Running in parellel with the microgravity study, which includes two groups of samples that will be stored on the ISS for 13 months and over 2 years, will be a control group stored on Earth. When returned to Earth, all of the samples will be studied to check for chemical differences in the groups. All groups will be identical, except for the variable of gravity.
Gourmet Astronauts: Favorite Space Food
A huge variety of experiments are carried out on the space station, including research into the development of novel drugs and space-based cultivation of plants, primarily because the unique environment possesses a microgravity environment that cannot be replicated on Earth. And you can't forget the series of experiments into space beer (including research into the dreaded "wet burp" phenomenon!)
Interestingly, scientists already know that the microgravity environment in space can affect the growth of plants. For example, through experiments on cucumbers on the ISS, scientists found that plant roots grow toward water, whereas, on Earth, plant roots were dominated by the direction of gravity. Scientists can then find which genes are responsible for this and perhaps make crops on Earth more drought-resistent. Other experiments have shown that the microgravity environment can extend the period that leaves remain green on a species of plant. Some genes are suppressed while others are enhanced by microgravity, providing a kind of anti-aging property in the plant.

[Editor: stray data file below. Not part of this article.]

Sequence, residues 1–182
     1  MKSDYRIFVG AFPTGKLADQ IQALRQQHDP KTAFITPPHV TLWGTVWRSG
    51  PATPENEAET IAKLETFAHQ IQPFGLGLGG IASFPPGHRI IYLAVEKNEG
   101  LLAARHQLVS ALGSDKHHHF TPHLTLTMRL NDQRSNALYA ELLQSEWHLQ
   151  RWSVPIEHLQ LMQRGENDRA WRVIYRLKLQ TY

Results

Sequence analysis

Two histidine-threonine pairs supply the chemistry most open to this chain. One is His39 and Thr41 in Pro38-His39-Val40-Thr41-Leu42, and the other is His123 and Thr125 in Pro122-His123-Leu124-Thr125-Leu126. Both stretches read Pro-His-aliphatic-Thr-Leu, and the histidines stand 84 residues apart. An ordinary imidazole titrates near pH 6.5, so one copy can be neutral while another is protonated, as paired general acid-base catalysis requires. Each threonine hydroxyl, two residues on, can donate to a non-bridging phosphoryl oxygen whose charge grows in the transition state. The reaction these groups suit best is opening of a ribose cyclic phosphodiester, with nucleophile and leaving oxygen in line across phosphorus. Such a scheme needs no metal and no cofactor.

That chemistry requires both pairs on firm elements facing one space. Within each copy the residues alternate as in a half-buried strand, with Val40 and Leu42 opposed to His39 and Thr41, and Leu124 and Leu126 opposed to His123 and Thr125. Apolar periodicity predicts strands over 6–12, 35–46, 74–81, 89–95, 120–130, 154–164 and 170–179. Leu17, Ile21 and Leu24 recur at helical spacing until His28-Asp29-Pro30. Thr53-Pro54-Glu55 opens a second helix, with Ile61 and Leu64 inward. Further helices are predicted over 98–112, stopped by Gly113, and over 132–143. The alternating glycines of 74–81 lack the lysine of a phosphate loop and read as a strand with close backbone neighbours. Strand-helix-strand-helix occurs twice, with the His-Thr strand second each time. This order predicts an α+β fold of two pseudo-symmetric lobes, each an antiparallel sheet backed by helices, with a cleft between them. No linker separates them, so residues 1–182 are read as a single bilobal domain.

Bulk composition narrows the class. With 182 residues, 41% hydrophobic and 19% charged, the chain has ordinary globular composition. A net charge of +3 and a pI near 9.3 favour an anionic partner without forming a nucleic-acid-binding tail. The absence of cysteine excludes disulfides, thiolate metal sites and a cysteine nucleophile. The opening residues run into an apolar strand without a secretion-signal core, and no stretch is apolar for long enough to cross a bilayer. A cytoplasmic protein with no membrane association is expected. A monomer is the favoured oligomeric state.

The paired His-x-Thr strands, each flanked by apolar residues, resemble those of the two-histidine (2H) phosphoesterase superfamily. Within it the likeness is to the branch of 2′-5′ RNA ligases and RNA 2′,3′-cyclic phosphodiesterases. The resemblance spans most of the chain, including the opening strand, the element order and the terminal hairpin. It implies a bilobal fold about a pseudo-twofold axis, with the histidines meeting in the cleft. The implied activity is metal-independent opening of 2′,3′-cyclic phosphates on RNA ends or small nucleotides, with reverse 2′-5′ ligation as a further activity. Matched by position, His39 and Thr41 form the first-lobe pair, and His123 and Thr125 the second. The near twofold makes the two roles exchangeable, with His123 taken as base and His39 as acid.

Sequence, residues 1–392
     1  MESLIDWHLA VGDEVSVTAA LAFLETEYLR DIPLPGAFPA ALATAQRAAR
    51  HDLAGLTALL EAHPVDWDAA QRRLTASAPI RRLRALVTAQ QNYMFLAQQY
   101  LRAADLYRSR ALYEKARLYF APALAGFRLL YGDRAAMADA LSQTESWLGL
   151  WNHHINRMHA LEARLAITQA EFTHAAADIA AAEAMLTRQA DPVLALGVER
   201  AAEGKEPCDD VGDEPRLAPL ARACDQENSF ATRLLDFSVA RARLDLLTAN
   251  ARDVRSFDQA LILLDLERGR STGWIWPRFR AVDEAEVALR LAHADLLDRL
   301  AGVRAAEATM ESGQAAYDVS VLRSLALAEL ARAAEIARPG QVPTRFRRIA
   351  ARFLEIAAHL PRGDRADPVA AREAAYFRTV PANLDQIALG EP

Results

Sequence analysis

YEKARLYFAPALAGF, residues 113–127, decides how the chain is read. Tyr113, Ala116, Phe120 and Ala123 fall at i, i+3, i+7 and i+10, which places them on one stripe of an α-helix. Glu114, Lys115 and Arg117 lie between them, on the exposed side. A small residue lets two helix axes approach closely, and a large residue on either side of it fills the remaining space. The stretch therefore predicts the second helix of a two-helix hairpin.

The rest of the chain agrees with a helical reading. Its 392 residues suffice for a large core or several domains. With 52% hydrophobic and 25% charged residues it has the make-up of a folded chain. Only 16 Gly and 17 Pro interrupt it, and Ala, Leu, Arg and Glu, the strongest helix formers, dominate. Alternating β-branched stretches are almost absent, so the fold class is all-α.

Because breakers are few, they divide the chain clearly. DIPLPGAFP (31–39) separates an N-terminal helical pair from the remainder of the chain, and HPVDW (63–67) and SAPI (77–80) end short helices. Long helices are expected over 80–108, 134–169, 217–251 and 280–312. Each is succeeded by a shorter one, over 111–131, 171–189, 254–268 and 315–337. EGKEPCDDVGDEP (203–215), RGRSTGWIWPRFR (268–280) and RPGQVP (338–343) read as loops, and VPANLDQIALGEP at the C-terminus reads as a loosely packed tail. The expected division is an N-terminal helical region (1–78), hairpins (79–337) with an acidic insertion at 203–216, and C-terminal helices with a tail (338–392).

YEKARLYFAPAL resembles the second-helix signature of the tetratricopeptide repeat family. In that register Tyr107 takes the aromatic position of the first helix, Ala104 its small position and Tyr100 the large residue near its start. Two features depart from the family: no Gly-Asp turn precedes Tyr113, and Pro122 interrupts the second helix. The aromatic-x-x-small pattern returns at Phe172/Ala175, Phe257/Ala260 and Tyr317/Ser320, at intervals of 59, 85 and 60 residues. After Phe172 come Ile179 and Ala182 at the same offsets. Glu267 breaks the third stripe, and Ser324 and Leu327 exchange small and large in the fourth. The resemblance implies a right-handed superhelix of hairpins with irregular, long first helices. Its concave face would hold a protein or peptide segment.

In the field of medical science, microgravity tests on drugs used to treat diabetes have shown some promise to potentially combat certain types of cancer. Also, the growth of protein crystals in space could lead to novel pharmaceuticals - on Earth, the growth of these crystals are limited by gravity, whereas in space, these crystals can grow much larger.
Space Beer Brewed With Lunar Dust? I'll Have a Pint!
These discoveries are profound for agricultural and medical practices on Earth as well as in space. But this also goes for industrial methods, energy production, animal science and a myriad of other as-yet to be appreciated applications.
Although experiments into the mellowing of whiskey may seem a little playful in comparison to these potentially life-saving applications, chemical reactions behind mellowing are a huge unknown and new discoveries as to gravity's contribution to this process could lead to invaluable spin-off technologies.
But if not, at least we will have gained an insight to why whiskey tastes smoother with age and whether gravity has anything to do with it. I'll drink to that.